The Tragic 1994 Murder Of 11-Year-Old Robert Sandifer Of The Black Disciples

Police found Robert "Yummy" Sandifer's body underneath a train overpass on Chicago's Southside on September 1, 1994. He'd been shot in the head twice, according to The Daily Tribune. The cops had been looking for Sandifer. They believed he was behind a recent drive-by shooting in which a 14-year-old bystander, a girl named Shavon Dean, had been killed and two other kids wounded. When investigators arrested two teenage brothers for Sandifer's murder, the ensuing case became a media sensation, helped lead to the myth of superpredators — vicious teen killers — and was used to push for tougher criminal punishments, especially in regard to juveniles, per NBC News.

At the time of his death, Sandifer was just 11, hadn't yet cracked 5 feet in height, and weighed in at less than 70 pounds, but had already racked up a series of criminal charges, from robbery to arson. He had also been physically abused and shuffled in and out of juvenile facilities. As a local child psychologist told The Daily Tribune at the time, "This kid got missed a number of times in the system."

Loved cookies

In 1986, when Robert Sandifer was around 3, Chicago's Department of Children and Family Services removed him from his mother's care when they discovered cigarette burns and other wounds on his body, according to The New York Times. He then lived with his grandmother, who gave him his nickname, "Yummy," because he loved cookies. Sandifer was eventually removed from that home as well for alleged neglect, per The Daily Times.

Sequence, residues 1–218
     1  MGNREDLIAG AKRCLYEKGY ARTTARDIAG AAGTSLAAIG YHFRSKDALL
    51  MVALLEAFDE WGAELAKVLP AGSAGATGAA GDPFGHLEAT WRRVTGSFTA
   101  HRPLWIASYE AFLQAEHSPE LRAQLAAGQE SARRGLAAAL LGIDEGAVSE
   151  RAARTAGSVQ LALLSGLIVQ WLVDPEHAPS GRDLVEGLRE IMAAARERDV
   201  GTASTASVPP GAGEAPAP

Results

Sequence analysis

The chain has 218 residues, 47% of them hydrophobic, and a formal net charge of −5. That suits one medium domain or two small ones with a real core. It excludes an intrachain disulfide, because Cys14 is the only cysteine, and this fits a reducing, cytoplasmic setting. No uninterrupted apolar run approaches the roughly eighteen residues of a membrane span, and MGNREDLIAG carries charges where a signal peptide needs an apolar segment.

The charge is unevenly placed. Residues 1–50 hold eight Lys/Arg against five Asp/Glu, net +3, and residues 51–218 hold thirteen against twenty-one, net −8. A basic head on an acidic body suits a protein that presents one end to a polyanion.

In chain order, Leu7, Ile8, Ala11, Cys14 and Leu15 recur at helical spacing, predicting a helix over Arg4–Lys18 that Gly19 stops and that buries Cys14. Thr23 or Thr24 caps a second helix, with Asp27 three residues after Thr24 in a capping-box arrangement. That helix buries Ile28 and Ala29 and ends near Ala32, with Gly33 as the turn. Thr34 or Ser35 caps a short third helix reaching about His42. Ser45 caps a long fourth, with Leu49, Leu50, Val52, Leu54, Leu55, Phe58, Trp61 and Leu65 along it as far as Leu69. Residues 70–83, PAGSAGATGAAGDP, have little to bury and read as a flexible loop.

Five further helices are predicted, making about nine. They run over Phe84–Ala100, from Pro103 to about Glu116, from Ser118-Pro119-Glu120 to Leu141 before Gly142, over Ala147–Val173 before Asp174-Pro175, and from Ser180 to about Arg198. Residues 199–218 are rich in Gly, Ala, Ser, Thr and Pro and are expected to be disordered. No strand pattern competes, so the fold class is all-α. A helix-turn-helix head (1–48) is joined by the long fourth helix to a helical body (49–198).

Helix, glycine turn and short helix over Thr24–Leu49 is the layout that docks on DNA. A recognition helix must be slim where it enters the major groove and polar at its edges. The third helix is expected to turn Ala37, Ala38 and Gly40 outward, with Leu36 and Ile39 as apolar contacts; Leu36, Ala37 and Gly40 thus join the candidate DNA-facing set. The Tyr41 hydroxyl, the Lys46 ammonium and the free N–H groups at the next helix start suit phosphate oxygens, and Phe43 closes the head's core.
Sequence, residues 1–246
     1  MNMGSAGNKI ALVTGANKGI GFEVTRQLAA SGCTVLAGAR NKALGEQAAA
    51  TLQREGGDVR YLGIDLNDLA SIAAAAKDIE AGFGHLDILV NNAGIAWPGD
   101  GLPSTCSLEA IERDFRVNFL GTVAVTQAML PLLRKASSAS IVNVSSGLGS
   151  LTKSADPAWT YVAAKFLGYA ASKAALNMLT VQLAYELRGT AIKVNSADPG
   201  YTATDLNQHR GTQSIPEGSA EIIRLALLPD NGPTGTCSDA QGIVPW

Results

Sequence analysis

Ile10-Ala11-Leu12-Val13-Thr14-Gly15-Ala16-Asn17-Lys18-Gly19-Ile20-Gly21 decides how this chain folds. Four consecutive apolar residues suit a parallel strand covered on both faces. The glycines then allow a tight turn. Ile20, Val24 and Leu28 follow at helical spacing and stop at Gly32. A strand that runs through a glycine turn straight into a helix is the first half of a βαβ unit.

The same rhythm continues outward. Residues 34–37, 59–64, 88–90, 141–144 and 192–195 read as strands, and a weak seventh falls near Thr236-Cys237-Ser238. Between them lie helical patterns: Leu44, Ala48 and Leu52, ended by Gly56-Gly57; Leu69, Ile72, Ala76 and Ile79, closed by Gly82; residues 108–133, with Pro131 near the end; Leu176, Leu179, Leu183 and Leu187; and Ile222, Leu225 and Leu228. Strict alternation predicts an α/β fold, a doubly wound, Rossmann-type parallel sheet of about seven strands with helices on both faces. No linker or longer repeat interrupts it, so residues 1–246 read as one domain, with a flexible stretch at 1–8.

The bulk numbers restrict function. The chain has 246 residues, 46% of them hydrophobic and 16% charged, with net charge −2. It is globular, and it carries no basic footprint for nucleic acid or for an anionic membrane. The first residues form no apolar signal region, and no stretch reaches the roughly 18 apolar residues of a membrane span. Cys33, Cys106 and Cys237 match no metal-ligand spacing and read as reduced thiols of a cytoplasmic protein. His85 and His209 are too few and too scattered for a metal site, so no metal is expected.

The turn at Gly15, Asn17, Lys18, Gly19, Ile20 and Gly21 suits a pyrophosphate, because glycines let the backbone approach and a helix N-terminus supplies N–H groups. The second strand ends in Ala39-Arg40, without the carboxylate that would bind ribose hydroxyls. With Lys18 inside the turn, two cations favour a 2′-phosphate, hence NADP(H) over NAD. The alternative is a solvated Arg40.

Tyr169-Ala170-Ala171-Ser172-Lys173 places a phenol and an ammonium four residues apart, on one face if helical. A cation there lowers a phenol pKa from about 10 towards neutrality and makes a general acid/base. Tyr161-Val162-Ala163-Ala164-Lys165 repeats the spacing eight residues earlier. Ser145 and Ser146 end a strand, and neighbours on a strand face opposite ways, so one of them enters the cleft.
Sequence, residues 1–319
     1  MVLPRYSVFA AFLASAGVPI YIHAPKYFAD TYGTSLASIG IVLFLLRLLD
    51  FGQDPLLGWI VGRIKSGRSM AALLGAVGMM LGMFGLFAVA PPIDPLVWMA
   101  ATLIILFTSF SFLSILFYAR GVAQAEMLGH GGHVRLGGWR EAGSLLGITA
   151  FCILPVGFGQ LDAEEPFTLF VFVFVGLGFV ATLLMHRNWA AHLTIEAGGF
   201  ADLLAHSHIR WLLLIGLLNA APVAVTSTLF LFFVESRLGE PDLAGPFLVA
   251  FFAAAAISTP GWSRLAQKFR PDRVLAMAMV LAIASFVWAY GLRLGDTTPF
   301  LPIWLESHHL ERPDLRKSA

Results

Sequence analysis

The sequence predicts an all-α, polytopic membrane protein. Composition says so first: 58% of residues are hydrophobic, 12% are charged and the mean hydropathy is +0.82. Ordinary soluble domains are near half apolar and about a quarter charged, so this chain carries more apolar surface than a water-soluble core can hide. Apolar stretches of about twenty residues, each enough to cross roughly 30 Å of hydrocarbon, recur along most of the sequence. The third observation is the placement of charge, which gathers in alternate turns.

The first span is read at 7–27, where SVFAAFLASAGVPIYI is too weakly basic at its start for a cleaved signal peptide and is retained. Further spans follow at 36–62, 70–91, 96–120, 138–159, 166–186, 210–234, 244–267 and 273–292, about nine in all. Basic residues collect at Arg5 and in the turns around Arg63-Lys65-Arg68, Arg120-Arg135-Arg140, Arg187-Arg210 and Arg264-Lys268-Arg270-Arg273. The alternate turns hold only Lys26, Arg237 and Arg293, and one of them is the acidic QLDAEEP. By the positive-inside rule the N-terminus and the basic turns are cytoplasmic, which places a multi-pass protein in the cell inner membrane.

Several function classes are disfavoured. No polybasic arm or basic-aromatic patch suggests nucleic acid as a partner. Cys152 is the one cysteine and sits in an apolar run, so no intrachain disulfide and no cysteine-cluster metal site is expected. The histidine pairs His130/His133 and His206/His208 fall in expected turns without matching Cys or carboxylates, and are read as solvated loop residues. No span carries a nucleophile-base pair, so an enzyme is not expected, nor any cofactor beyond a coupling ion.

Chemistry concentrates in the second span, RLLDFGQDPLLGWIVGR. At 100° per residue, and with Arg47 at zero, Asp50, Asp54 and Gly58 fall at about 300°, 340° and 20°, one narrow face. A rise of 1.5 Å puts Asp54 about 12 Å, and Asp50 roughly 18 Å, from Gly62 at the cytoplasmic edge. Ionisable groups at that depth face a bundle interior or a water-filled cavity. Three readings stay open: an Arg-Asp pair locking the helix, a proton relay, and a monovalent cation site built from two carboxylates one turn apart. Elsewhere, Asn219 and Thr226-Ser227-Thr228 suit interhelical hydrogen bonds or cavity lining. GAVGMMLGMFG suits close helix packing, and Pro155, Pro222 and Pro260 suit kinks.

Sandifer, like many children in his situation, ended up joining a gang — in his case it was the Black Disciples. The reasons young people join gangs include "a sense of connection" and "a need to protect themselves," according to the American Academy of Child and Adolescent Psychiatry. For Sandifer, his association with the Black Disciples is what ended up getting him killed. The gang's leadership ordered Cragg Hardaway, 16, and his younger brother Derrick, 14, to kill Sandifer and prevent him from talking to the police about the gang, per WGN9.


Both Cragg and Derrick Hardaway were tried as adults for the first-degree murder of Robert Sandifer, and both went to prison. The courts gave Cragg, who pulled the trigger, a 60-year sentence and 45 years to Derrick, the getaway driver. The state released Derrick on parole in 2016 and Cragg in December 2020, per the Daily News and WCIA. "I'm not a predator," Derrick said in The Marshall Project. "I was a kid who made a terrible decision, and I was a bully who took on other bullies. But I did not prey on the weak."

In the aftermath of the case, state legislatures across the country — some of which had already begun to strip juvenile defendants of their rights — made it even easier to send them to adult prisons and began implementing mandatory sentences, among other changes, according to NBC News. Both Derrick and Cragg Hardaway earned their GEDs while incarcerated and said they both think about Sandifer's killing daily, per WGN9.